Water Resources

Knowledge about Australia’s water resources has improved considerably in recent decades, in particular through investment in the coordinated national efforts of the National Land and Water Resources Audit (NLWRA; ref) and the Australian Water Resources 2005 (AWR2005; ref) assessment. In addition, the CSIRO Murray-Darling Sustainable Yields project (MDBSY; ref) has provided a detailed water resources information base for the Murray-Darling based on consideration of both historical and future climates.

In areas where water resources are already over-allocated, and where climate change is likely to reduce water availability, the adjustment challenges are huge.  Further improving hydrological modelling under future climate scenarios and incorporating the impacts of fire, forestry and other land use changes is needed at a catchment scale.

National Workshop: Climate Change Adaptation of Water Resources and Freshwater Biodiversity

On August 10th and 11th, CSIRO, in collaboration with NCCARF held a National Cross-Sectoral workshop looking at the value of freshwater ecosystems, both intrinsically and through the provision of goods and services and support functions to various sectors, including the environment.  The aim of the workshop was to identify how climate change might impact the provision of valued goods, services and functions by impacting our freshwater ecosystems.  The workshop results, once analysed, will recommend adaptation options which are viewed as important by the workshop members and the sectors they represent.  Additionally, the workshop will help pinpoint areas where participants feel information is missing, particularly in the context of decision making under climate change.  Some key points revolved around the ubiquity of water across many sectors, and the vulnerabilities and strengths associated with its presence or absence, particularly in its links with human wellbeing and the political implications of this. This highlights the need for climate-water research to be integrated across all sectors, with particular attention on the social aspects which also traverse all sectors.It is anticipated that initial results will be available via a discussion paper towards the end of November with a full report availble end of 2011. 

Following the National Workshop, which brought together a targetted audience of 20-25 experts, the results of this workshop will also be assessed by CSIRO experts to identify links between the ‘desired information’ identified by the workshop participants and potential hydrological and climate modelling capabilities which might fulfill these.  In order to expand the selection of opinions, CSIRO and NCCARF will be presenting the results from the workshop in an interactive feature session on Monday 26th of September as part of RiverSymposium, at the Brisbane Convention Centre.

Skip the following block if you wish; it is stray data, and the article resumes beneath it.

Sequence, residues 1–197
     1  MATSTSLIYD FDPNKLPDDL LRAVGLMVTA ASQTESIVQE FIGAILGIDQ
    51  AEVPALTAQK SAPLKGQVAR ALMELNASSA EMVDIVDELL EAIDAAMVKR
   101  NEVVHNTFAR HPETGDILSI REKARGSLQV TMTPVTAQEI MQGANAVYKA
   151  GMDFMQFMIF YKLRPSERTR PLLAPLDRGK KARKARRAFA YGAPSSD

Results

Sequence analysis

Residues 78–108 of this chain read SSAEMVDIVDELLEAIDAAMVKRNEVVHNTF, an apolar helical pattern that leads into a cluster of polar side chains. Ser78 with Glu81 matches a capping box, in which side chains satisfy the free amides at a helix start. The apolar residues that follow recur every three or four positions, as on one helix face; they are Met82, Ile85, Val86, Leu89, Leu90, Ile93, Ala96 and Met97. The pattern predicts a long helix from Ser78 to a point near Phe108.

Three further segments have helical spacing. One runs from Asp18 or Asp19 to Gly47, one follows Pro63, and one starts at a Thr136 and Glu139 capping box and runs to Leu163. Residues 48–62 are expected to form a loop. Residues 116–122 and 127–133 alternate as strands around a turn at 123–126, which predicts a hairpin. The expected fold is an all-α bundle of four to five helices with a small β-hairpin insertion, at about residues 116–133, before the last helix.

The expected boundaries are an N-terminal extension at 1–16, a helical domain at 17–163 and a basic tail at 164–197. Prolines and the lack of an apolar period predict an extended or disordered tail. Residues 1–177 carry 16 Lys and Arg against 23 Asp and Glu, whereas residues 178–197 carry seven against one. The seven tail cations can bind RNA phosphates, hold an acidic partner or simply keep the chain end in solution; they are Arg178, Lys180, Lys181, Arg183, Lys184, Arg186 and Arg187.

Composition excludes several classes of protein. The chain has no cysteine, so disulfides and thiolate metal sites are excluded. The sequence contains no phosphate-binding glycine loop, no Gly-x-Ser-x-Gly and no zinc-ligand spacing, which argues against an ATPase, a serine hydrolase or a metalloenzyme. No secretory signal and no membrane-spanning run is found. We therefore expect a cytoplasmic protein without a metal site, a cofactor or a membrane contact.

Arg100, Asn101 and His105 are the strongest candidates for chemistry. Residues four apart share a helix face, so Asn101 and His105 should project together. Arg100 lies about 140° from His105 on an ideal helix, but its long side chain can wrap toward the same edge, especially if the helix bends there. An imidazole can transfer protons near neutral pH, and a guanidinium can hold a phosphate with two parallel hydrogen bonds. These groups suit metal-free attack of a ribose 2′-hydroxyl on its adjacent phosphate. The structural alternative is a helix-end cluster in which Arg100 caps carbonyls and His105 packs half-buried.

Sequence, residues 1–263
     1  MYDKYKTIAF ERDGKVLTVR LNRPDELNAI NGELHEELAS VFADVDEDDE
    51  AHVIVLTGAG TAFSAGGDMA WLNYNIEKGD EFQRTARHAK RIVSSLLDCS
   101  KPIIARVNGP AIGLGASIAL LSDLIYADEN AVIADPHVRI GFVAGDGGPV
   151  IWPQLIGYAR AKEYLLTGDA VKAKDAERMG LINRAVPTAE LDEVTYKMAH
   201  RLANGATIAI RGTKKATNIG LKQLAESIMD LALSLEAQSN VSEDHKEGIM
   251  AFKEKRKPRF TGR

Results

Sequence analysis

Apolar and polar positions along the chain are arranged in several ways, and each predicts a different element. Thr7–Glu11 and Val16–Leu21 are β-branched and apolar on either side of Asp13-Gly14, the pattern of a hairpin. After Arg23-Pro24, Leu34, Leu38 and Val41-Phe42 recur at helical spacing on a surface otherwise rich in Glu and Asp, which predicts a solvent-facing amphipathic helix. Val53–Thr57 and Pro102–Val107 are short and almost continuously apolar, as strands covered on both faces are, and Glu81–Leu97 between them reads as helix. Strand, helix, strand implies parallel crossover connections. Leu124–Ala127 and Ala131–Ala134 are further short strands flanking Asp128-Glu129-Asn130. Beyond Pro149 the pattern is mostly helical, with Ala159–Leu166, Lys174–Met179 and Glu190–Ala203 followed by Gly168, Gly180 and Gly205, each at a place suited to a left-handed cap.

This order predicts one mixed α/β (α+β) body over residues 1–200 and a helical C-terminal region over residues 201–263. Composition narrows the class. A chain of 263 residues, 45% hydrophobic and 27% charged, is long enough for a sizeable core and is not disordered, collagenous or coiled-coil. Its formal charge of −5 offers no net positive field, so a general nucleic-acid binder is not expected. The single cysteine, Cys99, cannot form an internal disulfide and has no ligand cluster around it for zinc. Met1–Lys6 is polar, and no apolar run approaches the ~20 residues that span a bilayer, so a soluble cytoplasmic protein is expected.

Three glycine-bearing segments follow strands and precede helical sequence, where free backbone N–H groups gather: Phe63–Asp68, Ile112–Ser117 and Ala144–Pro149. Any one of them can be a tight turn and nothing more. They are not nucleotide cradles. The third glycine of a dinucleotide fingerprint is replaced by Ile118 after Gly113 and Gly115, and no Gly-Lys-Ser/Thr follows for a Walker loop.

Identifying hydrological characteristics of a healthy freshwater ecosystem to guide adaptation of freshwater systems to climate change

Monday 16th September, 11am, Brisbane Convention Centre.

Presented by: CSIRO, NCCARF

This interactive session opens for discussion to the public the results of a National Expert Workshop run as a collaborative effort between the Water Resources and Freshwater Biodiversity Network of the National Climate Change Adaptation Research Facility (NCCARF) and the Australian Commonwealth Scientific Research Organisation (CSIRO).   This interactive session hopes to both elicit opinion from the participants as well as disseminate information from the National Workshop through the NCCARF Adaptation Research Networks, for adaptation to Climate Change in the water resources and freshwater biodiversity sector.

Maintaining a healthy freshwater ecosystem is a fundamental requirement when developing climate change adaptation plans for the water resource management sector. Failing to do so may have severe repercussions for essential services currently provided by rivers and water bodies systems, i.e., food and energy production, health and sanitation. The National Workshop aimed to elucidate what constitutes a healthy freshwater ecosystem from a hydrological perspective and how those characteristics may alter under climate change, thereby altering the value and services provided by that ecosystem.  Such knowledge can be gained from improving our understanding of the synergies between the catchments’ environments and the pressures that surround them. From this information, a matrix of the potential future responses of various sectors, and the resulting pressures which might be exacted on the ecosystem in the future, could be generated.